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Prevent complaints with good communication

Good communication saves time in the practice and reduces the risk of patient complaints, says Dr Emma Sedgwick from the MDU

The GMC says good communication involves listening to patients, respecting their views and beliefs, giving them information,

apologising (if appropriate) and putting matters right if a patient suffers harm under your care.

It is hard to quantify what difference good communication makes to the doctor-

patient relationship. A survey published by the GMC shows patients have more confidence in doctors who communicate well1.

The survey, of 996 patients, 203 GPs and 100 hospital doctors showed four out of five patients were confident in their doctor and that this confidence directly correlated to the doctor's ability to provide information.

By contrast, the GMC points out that 'for the 7 per cent of patients expressing a lack of confidence in their doctor, this mainly reflected their sense of the doctor's poor listening and explaining skills'.

In the MDU's experience, poor communication can also aggravate any problems that might arise. If the care of your patients does not go as expected, your communication skills will really be put to the test.

The National Patient Safety Agency (NPSA) launched an initiative designed to help doctors improve their communication skills when something goes wrong. The document, Being Open, advises NHS organisations to introduce a policy on how to be more open with people when mistakes are made2.

The NPSA also tells patients that if a

mistake seriously harms them, they can

expect one of the doctors or nurses involved to apologise, explain clearly what went wrong and what will be done to stop the problem happening again.

If something goes wrong the MDU advises members to give the patient a prompt and sympathetic explanation of what has happened and provide information about what will be done to try to prevent a recurrence.

We first publicly advised our members about the importance of being open and honest with patients about mistakes in our annual report for 1955/6. Saying sorry is enshrined in a doctor's professional code of conduct, as set out in the latest version of the booklet Good Medical Practice (2006). Paragraph 30 states: 'If a patient under your care has suffered harm or distress, you must act immediately to put matters right, if that is possible. You should offer an apology and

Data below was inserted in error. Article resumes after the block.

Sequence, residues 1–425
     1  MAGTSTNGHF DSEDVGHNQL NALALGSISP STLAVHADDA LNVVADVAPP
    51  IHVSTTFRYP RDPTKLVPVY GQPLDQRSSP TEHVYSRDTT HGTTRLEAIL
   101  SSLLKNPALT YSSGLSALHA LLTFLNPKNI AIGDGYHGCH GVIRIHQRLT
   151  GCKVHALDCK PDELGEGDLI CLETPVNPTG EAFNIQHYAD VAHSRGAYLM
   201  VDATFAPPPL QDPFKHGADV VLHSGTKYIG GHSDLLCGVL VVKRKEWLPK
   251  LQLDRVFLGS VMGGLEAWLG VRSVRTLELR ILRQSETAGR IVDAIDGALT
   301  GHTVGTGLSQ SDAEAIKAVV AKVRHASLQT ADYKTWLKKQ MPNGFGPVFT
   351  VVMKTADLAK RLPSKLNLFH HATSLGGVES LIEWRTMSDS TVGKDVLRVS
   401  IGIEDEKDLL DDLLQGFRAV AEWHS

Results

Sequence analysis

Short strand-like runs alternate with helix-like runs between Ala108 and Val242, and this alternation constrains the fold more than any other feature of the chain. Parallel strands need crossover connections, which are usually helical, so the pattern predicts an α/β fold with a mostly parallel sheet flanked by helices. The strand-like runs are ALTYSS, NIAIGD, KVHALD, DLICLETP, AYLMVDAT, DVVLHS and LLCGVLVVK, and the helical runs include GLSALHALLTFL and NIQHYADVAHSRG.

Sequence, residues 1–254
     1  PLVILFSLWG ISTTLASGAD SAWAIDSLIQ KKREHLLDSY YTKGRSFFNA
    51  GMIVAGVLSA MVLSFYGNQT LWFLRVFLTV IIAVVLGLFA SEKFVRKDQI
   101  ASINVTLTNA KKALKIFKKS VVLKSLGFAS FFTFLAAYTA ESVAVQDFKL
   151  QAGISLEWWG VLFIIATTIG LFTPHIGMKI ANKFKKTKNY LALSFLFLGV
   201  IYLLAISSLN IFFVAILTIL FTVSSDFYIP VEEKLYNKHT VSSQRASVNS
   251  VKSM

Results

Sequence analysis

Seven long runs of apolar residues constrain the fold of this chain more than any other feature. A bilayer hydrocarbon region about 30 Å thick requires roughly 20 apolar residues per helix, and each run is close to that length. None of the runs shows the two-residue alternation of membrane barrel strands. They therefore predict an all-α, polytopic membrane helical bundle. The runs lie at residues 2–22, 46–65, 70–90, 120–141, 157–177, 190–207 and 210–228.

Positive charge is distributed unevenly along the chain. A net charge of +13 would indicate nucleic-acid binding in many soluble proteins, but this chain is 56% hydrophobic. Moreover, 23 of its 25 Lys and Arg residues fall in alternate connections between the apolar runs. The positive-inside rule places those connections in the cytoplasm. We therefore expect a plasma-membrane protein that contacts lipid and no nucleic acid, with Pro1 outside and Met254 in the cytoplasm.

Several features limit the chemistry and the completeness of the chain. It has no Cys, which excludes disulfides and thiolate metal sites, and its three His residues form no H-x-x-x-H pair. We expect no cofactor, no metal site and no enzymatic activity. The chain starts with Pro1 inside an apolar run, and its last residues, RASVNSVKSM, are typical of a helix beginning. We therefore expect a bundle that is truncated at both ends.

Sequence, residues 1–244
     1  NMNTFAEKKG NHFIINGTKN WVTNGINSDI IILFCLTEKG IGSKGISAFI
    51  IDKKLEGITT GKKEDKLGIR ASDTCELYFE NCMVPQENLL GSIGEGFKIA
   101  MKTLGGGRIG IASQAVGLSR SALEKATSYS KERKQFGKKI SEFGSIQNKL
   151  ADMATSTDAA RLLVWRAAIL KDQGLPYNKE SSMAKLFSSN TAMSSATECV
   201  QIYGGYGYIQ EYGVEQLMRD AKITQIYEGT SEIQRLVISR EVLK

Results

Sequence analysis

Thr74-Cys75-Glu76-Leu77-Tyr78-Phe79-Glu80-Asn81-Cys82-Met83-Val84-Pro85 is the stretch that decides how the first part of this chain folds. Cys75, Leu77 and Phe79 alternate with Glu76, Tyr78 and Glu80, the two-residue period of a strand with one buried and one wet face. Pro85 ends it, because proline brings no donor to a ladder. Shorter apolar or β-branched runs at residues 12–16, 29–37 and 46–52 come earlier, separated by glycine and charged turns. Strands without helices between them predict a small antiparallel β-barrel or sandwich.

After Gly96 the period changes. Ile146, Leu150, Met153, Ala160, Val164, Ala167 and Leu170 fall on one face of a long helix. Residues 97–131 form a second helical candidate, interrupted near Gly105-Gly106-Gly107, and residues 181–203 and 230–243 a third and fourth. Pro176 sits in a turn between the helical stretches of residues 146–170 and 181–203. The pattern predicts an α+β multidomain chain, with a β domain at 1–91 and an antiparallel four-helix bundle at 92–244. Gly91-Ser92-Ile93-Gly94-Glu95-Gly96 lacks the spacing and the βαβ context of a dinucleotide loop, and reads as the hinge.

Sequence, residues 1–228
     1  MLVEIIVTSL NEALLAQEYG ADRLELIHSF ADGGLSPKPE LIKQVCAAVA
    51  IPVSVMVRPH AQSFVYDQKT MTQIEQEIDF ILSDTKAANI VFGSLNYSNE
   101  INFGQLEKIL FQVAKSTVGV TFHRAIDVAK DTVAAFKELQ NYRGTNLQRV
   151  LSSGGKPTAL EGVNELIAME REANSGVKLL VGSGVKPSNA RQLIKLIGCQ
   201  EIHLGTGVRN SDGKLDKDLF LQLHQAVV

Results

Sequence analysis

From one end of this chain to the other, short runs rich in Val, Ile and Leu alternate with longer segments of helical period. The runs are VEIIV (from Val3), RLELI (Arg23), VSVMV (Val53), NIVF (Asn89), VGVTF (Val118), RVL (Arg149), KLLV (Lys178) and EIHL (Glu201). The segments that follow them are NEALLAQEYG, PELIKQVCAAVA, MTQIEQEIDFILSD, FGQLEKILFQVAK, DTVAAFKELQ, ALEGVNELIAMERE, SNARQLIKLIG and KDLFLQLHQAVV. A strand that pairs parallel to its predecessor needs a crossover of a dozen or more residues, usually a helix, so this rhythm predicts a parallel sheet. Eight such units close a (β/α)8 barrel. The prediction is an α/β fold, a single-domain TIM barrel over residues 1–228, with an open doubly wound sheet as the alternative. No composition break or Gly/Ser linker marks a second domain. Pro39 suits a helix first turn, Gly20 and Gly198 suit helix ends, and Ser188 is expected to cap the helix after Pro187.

explain fully and promptly to the patient what has happened, and the likely short-term and long-term effects.'

We still sometimes hear it said, however, that to say sorry is to admit legal liability. But section 2 of the Compensation Act 2006 provides: 'An apology, offer of treatment or other redress shall not of itself amount to an admission of negligence or breach of statutory duty.' Giving a full explanation and apologising may help to resolve a complaint at an early stage and could help prevent a complaint or even a claim.

Most GPs appreciate that an honest and open approach is essential to maintain the trust that underpins the doctor/patient relationship. Indeed many are ahead of the game when it comes to resolving complaints by providing a thorough explanation and apology, if appropriate. Of the GP NHS complaints notified to the MDU, the vast majority appear to be resolved at a local level, many by providing this kind of response.

While it does no harm occasionally to stop and think whether there is anything we can do to improve the way we communicate, perhaps just as crucially, doctors need to be reassured that when they do admit a mistake, they are not unfairly blamed.

This is particularly significant as many adverse incidents are due to system failures, and seldom the fault of one person. For this reason it is welcome news that the NPSA's guidance stresses the need to ensure doctors are not unfairly blamed if mistakes happen.

Emma Sedgwick is a medicolegal adviser with the MDU

The case mentioned is fictitious, but based on cases from the MDU's files. Doctors with specific concerns are advised to contact their medical defence organisation for advice.

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